Why Willie Jackson’s Labour Party Candidacy is a political earthquake within Maoridom


By winning Willie Jackson over to Labour, left wing political Svengali Matt McCarten has not only checkmated the Maori Party, he’s prepped an inoculation to the wider left wing activist base who will go into online revolt when Police cheerleader Greg O’Connor wins the Labour Party nomination for Ohariu.

McCarten is a player of the great game unlike any other on the Left.

Jackson’s candidacy for Labour is a political earthquake within Maoridom.

The Maori Party’s Iwi snobbery offered Jackson nothing for possibly standing with them and that lack of respect has forced Jackson’s hand to stand with Labour instead.

Some within the Maori Party leadership (certainly not all, but some) have not managed to move beyond their Iwi elitism to embrace Urban Maori. This has led to a disconnected reality within political Maoridom. The vast majority of Maori live in urban areas, yet have little affiliation with an Iwi, the Urban Maori organisations set up by Jackson and Tamihere recognise that but are treated like the bastard offspring by larger more corporate Iwi.

What Jackson brought to the Maori Party was that huge urban working class Maori voting bloc, but the lack of anything real on offer by Te Ururoa Flavell  to Jackson gave Labour an opportunity that they have cleverly seized upon.

Tariana Turia has made the Maori Party leadership promise they’ll never go into power with Labour, that bitterness caused from the Foreshore and Seabed confiscation may cost the Maori Party not only their relevance but any future as well.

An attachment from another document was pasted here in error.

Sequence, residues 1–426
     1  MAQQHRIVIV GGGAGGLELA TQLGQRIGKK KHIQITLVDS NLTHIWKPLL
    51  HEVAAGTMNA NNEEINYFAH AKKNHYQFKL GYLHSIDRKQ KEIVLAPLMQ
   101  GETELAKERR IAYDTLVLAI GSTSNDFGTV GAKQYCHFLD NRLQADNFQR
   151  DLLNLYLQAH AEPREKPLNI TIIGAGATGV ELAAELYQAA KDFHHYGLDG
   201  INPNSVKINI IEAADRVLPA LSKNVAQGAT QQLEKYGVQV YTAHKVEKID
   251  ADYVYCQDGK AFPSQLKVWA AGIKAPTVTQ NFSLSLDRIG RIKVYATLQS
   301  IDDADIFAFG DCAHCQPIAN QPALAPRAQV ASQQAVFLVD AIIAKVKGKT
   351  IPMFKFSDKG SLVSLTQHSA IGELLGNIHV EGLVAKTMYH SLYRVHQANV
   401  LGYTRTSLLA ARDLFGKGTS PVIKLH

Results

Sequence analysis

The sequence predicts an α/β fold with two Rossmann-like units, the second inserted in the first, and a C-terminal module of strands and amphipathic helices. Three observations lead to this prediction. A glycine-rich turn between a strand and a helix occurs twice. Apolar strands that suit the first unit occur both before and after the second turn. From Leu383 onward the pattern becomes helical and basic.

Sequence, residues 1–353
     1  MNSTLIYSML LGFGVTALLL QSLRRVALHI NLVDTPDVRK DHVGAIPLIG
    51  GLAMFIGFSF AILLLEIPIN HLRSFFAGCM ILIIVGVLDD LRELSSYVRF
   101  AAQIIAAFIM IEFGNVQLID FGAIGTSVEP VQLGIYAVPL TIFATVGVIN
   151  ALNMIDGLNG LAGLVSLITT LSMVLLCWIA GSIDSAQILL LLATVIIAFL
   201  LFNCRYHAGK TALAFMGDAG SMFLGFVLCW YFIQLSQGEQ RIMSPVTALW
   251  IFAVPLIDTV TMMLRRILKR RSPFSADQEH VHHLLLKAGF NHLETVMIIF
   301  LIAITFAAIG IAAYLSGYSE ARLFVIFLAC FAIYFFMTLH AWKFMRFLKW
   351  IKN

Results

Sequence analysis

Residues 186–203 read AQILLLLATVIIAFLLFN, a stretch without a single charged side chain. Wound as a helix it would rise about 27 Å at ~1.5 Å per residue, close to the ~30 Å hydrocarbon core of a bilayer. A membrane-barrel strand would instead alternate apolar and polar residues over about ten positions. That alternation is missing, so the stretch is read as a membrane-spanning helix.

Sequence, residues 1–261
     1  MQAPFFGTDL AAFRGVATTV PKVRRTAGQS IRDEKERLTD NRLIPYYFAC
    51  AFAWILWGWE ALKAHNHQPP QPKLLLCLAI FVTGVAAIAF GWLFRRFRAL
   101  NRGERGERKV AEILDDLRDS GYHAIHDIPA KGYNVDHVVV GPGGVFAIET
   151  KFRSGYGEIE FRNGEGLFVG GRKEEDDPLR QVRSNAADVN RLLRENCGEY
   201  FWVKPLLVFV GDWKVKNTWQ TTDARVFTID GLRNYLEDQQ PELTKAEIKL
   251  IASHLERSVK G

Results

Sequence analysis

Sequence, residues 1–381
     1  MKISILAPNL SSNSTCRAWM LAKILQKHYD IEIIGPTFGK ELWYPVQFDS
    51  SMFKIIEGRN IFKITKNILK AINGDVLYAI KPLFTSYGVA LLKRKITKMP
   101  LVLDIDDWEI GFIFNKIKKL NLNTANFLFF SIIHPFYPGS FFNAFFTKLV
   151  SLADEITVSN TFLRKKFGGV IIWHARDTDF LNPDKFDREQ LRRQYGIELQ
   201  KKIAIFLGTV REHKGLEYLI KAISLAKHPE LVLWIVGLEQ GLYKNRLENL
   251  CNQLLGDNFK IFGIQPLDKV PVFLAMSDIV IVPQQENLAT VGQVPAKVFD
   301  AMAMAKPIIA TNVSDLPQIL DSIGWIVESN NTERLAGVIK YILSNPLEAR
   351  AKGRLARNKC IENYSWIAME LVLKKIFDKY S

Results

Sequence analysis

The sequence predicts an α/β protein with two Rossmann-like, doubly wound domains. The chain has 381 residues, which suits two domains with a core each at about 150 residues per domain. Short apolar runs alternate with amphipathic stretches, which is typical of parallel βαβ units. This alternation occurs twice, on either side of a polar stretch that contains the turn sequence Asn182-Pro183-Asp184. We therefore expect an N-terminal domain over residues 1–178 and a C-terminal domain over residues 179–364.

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Losing Willie Jackson is a terrible strategic blunder by the Maori Party which may well be seen as the beginning of their end.

One can only imagine the shouting matches erupting behind closed doors with  Te Ururoa Flavell  right now.


  1. Neither the Maori Party nor Labour offer more than just platitudes to Maori. Willy jumping waka is probably just a storm in a tea cup compared to what Mana and the Maori Party could do if they played the election really carefully. Flavell and Mr. Underpants need to bite the bullet and do some serious deals with Hone.

  2. Time will tell if having Willie Jackson on board is a wise move. However, if Greg O’Connor doesn’t get the thumbs down for Ohariu, it will be a gift it to either National or, God forbid, Peter Dunne. The ‘arm the Police’ candidate is totally the wrong fit, especially when the last two candidates who couldn’t be more different did so well in the reasonably affluent, liberal/conservative seat.

    • except, what if, what if…… Greg O’Connor said something like he’s had time to reflect on things he’s said in the past whilst representing his membership. (Btw, I never liked Greg’s stance – an absolute apologist for some of the worst behaviour in the Police force. I used to think that in many ways he was their own worst enemy – but then what a cnut of a job). I also used to think (and still do) that there was always a bit of a conflict of interest in some areas.
      He does have some appealing qualities well one I can think of): a genuine concern for the huge amount of weaponry getting into the hands of ‘P’ fried brains for one.
      If need be, I’ll hold my nose because I suspect he may have had an epiphany, or at least is in the process of having one

  3. I’m saddened that so many left wing Māori are lining up to kill the only kaupapa Māori party in Parliament. Shame on you! Divide and rule is rife and you are a fool for falling for it.

  4. Maori Party sound surprised?
    8yrs of laying down with Nat dogs, fleas are inevitable. It’s not Willie Jackson waka-jumping that’s a nail in their coffin, it’s the taint, nay smarmy brown-palm stench, of late, JK-branded, neolib capitalism we smell. Another National Govt term? Perish the thought, and any abetters. Maori Party, sorry ’bout it but ana to kai.

    Mana on the otherhand, that’s a travesty right there…work hard focus on pulling the agenda & convo left please. May Hone get in via list vote.

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